Journal of ISSN: 2373-4310JNHFE

Nutritional Health & Food Engineering
Research Article
Volume 3 Issue 1 - 2015
Prevalence of Obesity among Urban and Rural Dwellers in Nigeria
Ajayi Kayode1*, Alli Y Rashidat1, Taiwo O Mary1, Omojola S Temitope1 and Oluwadare T2
1Department of Human Nutrition and Dietetic, Afe Babalola University, Nigeria
2Department of Community Medicine, Afe Babalola University, Nigeria
Received: October 8, 2015 | Published: November 18, 2015
*Corresponding author: Ajayi Kayode, Department of Human Nutrition and Dietetics, College of Medicine and Health Sciences, Afe Babalola University Ado-Ekiti, Nigeria, P.M.B 5454, Tel: +234-8066287477; Email:
Citation: Ajayi K, Alli YR, Taiwo OM, Omojola ST, Oluwadare T (2015) Prevalence of Obesity among Urban and Rural Dwellers in Nigeria. J Nutr Health Food Eng 3(1): 00093. DOI: 10.15406/jnhfe.2015.03.00093

Abstract

Introduction: There is a global rise in the prevalence of obesity in both developed and developing countries reaching epidemic levels.

Objective: This study aims at determining the prevalence of obesity among urban and rural dwellers in Nigeria.

Methods: The study was a cross sectional study, 400 subjects were selected (198 males and 202 females) through a systematic random sampling procedure. A pre tested semi structured questionnaire was administered to obtain socio-demographic characteristics, lifestyle behaviors, and anthropometric indices. Anthropometric data were measured by standard methods. The body mass index (BMI), waist circumference, waist hip ratio and total body fat percentage were determined. Descriptive statistics, χ2 and correlation were performed on the data at 5% level of significance.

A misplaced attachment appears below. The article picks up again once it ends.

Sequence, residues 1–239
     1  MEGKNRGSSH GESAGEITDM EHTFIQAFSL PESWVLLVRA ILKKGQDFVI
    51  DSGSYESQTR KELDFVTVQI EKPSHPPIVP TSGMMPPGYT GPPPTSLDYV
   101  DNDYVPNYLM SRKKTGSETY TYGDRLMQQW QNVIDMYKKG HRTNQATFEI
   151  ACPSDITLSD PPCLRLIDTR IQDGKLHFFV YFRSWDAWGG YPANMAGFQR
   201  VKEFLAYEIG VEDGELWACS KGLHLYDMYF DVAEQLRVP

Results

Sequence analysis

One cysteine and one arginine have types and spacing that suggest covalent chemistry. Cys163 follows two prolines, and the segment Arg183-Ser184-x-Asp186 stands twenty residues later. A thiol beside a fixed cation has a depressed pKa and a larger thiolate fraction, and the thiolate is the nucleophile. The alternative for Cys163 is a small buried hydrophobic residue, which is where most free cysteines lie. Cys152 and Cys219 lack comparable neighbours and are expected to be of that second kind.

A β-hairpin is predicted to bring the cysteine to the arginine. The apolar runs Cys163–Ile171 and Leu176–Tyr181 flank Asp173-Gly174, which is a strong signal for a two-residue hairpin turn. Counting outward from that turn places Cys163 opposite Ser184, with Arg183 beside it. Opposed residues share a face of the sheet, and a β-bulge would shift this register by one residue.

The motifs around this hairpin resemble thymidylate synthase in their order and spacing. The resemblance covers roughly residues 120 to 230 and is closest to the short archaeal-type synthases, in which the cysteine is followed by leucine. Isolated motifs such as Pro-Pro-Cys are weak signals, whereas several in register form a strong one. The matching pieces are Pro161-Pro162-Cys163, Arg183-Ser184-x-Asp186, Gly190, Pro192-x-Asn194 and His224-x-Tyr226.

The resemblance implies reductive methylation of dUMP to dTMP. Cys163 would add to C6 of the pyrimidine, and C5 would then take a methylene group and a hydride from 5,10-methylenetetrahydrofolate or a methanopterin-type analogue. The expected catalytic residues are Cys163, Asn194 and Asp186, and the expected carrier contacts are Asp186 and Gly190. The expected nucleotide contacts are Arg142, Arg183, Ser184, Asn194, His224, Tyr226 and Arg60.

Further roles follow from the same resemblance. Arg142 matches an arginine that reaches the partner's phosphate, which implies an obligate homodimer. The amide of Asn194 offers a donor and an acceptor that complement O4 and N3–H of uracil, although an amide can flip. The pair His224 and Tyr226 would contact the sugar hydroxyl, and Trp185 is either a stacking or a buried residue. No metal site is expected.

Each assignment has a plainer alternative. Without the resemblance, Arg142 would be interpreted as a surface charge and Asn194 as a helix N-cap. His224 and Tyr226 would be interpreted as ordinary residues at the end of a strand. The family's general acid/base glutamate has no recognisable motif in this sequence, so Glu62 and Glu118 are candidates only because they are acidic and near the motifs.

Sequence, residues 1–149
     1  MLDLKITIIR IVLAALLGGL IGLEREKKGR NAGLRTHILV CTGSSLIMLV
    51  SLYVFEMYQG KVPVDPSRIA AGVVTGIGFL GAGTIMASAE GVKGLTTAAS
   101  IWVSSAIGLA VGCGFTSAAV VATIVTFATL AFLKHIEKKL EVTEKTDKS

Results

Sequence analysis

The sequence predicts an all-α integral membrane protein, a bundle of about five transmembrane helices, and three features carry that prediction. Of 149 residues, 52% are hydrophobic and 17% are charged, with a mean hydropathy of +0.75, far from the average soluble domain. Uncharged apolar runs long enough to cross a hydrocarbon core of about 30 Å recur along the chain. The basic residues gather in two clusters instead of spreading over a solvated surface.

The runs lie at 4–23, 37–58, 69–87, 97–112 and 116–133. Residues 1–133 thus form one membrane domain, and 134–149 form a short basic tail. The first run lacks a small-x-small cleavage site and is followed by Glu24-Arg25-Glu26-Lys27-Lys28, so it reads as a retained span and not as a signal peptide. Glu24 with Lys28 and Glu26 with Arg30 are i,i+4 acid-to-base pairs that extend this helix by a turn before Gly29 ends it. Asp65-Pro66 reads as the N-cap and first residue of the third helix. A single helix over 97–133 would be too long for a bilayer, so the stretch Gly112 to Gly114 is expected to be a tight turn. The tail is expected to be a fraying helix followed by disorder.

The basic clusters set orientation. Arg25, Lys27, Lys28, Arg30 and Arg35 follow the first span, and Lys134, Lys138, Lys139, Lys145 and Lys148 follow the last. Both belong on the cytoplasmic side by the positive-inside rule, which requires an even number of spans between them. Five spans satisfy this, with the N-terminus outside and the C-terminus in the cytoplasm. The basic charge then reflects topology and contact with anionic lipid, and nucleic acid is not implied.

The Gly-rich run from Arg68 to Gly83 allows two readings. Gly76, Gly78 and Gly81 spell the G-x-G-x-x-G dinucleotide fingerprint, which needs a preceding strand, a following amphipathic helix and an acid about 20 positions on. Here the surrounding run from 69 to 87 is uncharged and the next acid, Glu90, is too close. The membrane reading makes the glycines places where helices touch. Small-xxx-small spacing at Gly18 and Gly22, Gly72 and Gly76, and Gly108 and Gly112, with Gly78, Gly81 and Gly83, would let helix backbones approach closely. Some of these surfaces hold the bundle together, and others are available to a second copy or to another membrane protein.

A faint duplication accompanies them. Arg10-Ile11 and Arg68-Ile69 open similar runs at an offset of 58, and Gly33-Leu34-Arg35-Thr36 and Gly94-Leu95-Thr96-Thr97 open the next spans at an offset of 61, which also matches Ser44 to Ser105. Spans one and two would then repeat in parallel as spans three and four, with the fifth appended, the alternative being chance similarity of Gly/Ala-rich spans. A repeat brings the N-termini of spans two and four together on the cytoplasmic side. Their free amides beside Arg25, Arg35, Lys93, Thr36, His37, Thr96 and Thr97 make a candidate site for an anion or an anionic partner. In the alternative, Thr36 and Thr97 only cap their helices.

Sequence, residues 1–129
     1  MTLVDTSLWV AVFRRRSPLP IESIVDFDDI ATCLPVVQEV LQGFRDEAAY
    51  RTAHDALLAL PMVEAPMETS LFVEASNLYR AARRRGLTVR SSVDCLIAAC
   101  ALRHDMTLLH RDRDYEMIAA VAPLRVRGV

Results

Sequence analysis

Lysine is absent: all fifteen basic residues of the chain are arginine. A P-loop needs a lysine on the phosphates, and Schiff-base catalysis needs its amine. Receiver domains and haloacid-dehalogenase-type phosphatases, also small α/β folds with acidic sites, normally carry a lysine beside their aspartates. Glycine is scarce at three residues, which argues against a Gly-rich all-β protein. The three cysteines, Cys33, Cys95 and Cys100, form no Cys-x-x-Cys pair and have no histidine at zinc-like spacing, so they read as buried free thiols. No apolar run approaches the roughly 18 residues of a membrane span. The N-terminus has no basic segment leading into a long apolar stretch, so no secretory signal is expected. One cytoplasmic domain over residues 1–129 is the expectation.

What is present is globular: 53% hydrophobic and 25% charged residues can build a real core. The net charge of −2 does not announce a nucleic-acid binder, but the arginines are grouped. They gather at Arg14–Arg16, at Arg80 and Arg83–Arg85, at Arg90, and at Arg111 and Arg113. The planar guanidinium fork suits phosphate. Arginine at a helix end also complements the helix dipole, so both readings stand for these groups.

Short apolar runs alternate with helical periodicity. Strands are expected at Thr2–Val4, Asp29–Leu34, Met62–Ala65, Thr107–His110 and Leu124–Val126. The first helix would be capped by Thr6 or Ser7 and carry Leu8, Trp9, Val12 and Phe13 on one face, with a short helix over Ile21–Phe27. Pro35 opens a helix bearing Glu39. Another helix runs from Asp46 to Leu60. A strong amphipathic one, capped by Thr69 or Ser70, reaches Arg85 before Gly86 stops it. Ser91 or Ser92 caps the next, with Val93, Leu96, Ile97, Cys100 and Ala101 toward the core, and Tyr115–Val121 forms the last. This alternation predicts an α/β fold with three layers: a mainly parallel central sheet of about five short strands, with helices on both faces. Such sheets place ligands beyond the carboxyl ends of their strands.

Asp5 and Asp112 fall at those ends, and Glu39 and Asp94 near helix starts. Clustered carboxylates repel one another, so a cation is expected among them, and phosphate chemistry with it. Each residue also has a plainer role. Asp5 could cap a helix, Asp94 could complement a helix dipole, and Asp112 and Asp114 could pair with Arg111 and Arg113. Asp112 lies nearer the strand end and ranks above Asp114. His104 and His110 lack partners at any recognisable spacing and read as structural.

Results: The mean BMI was 24.2±4.43. The prevalence of obesity in the urban and rural areas were 16.5% and 4.0% respectively (p<0.05). The prevalence of obesity was lower among participants who were active than those who lived a sedentary lifestyle (6.0% vs14.4%; p< 0.05). Those who consumed alcohol had higher BMI than those who do not consume alcohol (12.0 vs 9.9; p<0.05). About 32.3% men from urban vs. 10.2% from rural had waist circumferences ≥ 94cm (p<0.05). Similar trends were also observed among the women. There was also a strong correlation between the BMI, WC and WHR in both the male and female participants.

Conclusion: Obesity is significantly (P<0.05) prevalent in the urban area than in rural area.

Keywords: Waist circumference; Dietary pattern; Sedentary lifestyle

Abbreviations

WHO: World Health Organization; BMI: Body Mass Index; WHR: Waist Hip Ratio

Introduction

Obesity and overweight constitute a major public health problem and their prevalence is increasing at an alarming rate worldwide [1]. Obesity is a major risk factor for the development of certain chronic diseases and has been related to some hormone-dependent cancers [2,3]. Many environmental factors such as lifestyle and poor diet [4], age, socio-economic factors [5] and a lack of physical activity play an important role in the onset of obesity [6]. Overweight refers to an excess body weight compared to set standards. The excess weight may come from muscles (lean body mass), bone, fat (adipose tissues), some time tumors and/or body water. Obesity specially refers to having an abnormally high proportion of total body fat [7]. Obesity and overweight according to World Health Organization (WHO) standards are present when the Body Mass Index (BMI) values are more than 30 and 25, respectively. Due to the shift in dietary consumption and increase sedentary lifestyle, there has been an increase in the prevalence of obesity and overweight in Nigeria. This study therefore, assessed the prevalence of obesity among rural and urban dwellers in south-west Nigerian using Ado-Ekiti as a case study.

Materials and Methods